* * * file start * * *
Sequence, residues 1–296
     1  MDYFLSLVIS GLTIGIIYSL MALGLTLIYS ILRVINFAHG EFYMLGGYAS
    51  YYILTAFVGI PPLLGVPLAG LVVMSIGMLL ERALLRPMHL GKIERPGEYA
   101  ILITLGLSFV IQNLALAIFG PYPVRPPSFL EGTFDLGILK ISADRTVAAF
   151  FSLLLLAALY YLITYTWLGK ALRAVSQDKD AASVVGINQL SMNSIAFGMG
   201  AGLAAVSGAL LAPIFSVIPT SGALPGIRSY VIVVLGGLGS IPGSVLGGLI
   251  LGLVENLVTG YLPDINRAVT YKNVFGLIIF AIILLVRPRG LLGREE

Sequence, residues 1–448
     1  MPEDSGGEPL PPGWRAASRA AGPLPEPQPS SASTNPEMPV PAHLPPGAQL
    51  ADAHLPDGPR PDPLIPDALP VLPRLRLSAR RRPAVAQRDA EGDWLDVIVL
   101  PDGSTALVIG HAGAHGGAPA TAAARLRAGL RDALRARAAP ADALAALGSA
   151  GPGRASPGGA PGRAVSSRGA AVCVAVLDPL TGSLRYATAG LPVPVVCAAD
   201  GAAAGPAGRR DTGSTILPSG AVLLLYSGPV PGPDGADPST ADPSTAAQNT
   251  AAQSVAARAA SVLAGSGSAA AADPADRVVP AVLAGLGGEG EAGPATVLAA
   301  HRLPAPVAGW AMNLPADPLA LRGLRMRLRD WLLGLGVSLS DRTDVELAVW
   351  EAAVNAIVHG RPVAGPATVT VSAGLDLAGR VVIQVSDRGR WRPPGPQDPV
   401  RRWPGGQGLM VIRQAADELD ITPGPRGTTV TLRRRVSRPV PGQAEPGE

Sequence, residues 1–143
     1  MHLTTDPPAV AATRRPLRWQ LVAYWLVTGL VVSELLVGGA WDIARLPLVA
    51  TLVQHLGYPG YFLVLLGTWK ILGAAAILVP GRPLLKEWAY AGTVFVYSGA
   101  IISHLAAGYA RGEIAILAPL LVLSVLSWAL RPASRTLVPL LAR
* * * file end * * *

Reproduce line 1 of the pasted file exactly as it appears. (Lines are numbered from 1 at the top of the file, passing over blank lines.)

Sequence, residues 1–296